A relief pitcher (aka reliever, collectively the bullpen) is a pitcher who specializes is coming into a game started by another pitcher. The difference in usage patterns goes beyond when the pitchers are brought into the game. Unlike starters, who are given several days off after each appearance, relievers are expected to be able to pitch in several consecutive games.
A relatively recent development in relief pitching is the use of relievers in highly specific roles. Rather than using all relievers in essentially the same way, as teams do with their starters, managers now try to use each reliever in one of a small number of stereotypical roles that depend on the game situation and opposing batter. The most common roles include:
- Long relievers are brought into the game when the starting pitcher is pulled from the game early because of injury or ineffectiveness. The long reliever is expected to pitch until the point of the game where a starting pitcher normally would have been pulled, typically several innings. A long reliever who is used only in lost causes is called a mop-up man.
- Middle relievers are used later in the game than long relievers, typically in the 6th or 7th inning, and used for about one inning. Middle relievers are often brought into the middle of an inning when the starter has let several batters reach base. They may also be used in the late innings of games which their team is losing.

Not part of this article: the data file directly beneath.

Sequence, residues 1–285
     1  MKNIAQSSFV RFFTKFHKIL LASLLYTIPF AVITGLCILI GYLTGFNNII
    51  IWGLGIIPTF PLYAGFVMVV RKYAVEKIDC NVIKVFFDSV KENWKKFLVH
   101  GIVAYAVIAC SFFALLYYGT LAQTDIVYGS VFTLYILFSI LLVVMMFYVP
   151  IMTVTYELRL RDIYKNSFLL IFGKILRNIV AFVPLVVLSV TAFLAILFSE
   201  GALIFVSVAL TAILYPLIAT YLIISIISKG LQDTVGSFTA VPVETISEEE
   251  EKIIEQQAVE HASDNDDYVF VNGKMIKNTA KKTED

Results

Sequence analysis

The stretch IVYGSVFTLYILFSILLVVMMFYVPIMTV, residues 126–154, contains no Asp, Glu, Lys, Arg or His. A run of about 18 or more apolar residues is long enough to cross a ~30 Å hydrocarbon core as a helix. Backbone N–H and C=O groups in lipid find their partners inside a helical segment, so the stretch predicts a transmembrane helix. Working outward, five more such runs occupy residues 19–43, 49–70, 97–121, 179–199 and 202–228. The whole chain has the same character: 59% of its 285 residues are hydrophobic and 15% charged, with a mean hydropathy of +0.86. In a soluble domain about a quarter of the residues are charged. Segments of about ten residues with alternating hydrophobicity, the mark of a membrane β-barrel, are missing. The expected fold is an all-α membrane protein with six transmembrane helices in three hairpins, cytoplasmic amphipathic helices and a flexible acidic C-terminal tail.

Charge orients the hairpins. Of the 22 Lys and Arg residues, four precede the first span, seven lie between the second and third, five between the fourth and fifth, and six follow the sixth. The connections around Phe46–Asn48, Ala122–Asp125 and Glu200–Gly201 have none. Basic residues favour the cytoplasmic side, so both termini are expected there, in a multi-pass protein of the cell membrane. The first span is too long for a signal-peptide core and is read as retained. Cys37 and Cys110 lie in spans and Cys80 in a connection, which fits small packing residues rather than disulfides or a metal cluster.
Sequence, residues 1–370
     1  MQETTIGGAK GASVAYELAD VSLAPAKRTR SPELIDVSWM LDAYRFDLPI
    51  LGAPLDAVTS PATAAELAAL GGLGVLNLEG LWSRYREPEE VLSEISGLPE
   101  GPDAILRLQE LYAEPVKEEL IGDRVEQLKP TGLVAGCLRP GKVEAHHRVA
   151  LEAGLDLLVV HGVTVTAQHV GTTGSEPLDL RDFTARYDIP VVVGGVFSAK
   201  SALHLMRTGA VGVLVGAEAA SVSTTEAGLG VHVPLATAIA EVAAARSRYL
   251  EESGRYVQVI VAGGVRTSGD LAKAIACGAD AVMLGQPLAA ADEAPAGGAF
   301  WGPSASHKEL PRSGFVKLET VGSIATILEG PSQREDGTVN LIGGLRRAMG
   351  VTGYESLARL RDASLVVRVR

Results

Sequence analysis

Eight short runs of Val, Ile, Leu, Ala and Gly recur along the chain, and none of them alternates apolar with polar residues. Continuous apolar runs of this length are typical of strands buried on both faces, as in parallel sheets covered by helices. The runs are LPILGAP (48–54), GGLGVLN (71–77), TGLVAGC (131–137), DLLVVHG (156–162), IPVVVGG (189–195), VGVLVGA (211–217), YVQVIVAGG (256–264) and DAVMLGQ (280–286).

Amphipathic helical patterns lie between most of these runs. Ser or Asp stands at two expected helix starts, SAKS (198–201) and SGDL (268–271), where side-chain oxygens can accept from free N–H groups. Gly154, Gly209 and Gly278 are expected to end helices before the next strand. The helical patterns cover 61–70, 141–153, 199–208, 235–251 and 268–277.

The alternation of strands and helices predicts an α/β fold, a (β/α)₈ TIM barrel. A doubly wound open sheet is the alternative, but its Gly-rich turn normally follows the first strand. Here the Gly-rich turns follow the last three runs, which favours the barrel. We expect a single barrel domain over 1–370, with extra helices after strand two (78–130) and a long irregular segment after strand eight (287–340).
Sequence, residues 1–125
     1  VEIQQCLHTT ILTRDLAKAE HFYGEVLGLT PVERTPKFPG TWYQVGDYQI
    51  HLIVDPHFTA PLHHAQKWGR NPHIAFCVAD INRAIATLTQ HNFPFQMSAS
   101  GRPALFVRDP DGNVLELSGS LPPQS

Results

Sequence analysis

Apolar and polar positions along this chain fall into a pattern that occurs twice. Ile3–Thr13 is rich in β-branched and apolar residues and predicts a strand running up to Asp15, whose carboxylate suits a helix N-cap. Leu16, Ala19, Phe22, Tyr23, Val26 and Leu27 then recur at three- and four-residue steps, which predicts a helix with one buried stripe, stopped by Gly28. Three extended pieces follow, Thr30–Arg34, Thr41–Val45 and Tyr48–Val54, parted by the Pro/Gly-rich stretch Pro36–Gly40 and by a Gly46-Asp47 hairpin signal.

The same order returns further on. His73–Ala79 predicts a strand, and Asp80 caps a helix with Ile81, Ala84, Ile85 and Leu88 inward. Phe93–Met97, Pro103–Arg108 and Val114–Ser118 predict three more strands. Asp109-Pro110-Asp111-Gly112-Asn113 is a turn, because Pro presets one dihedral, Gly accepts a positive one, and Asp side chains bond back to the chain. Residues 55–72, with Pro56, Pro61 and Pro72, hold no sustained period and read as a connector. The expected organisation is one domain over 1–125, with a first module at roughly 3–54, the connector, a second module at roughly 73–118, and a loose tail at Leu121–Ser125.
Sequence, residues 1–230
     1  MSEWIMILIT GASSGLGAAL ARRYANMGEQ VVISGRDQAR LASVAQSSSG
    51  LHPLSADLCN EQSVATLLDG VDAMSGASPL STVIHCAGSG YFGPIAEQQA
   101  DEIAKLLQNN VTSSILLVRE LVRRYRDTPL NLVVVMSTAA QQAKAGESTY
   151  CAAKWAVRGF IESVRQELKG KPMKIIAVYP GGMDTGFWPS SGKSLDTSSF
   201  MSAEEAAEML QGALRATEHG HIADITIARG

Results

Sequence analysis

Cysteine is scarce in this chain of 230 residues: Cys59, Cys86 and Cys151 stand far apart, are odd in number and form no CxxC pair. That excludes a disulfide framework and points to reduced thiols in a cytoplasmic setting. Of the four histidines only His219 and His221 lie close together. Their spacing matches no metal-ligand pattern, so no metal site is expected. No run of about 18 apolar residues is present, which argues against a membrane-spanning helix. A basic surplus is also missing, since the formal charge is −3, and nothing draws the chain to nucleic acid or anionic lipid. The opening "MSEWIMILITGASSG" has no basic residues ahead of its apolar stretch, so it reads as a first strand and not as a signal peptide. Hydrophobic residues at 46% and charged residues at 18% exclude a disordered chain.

- LOOGYs are Lefty One Out GuYs, left handed relievers who are used to get one or two critical outs against the opponents' best left handed hitters. LOOGYs are almost always used with runners on base.
- Setup men are brought into the game in the 7th or 8th inning to bridge the gap between the starter or middle reliever and the closer. Setup men are normally reserved for close games.
- Closers are used to "close out" games that their team is winning. Most managers will reserve their closer for save situations, i.e. starting the 9th inning with a 1 to 3 run lead.
The latter three categories are collectively known as short relievers, i.e. relief pitchers not expected to pitch more than one or at most two innings in the normal course of a game.
Over the years a number of awards have been created to distinguish the most effective relief pitchers in the major leagues. First was the Reliever of the Year Award, created by The Sporting News in 1960. This was supplanted by the Rolaids Relief Award, introduced by Major League Baseball in 1976. It was discontinued after the 2012 season, and after a one-year hiatus, was replaced in 2014 by the Mariano Rivera Award in the American League and the Trevor Hoffman Award in the National League.
- Anthony Castrovince: "Eight-man bullpens gaining traction", mlb.com, February 25, 2015. 
- Alden Gonzalez: "Rethinking bullpen roles: Will teams buy in? Analytics have teams considering changes to traditional usage", mlb.com, March 16, 2016. 
- Gabe Lacques: "MLB’s bullpen revolution a hard sell for 162 games", USA Today Sports, February 21, 2017. 
- Tracy Ringolsby: "Royals exemplify evolved bullpen usage: Teams spreading workload over larger relief corps", mlb.com, February 8, 2016. 
- Fran Zimniuch: Fireman: The Evolution of the Closer in Baseball, Triumph Books, Chicago, IL, 2010.
- 2004 Article on Closers in The Hardball Times
- Article on LOOGYs in The Hardball Times, part 1
- Article on LOOGYs in The Hardball Times, part 2
- 2005 Article on Closers in The Hardball Times, part 1
- 2005 Article on Closers in The Hardball Times, part 2
- Article on the comparative difficulty of relief pitching versus starting in The Hardball Times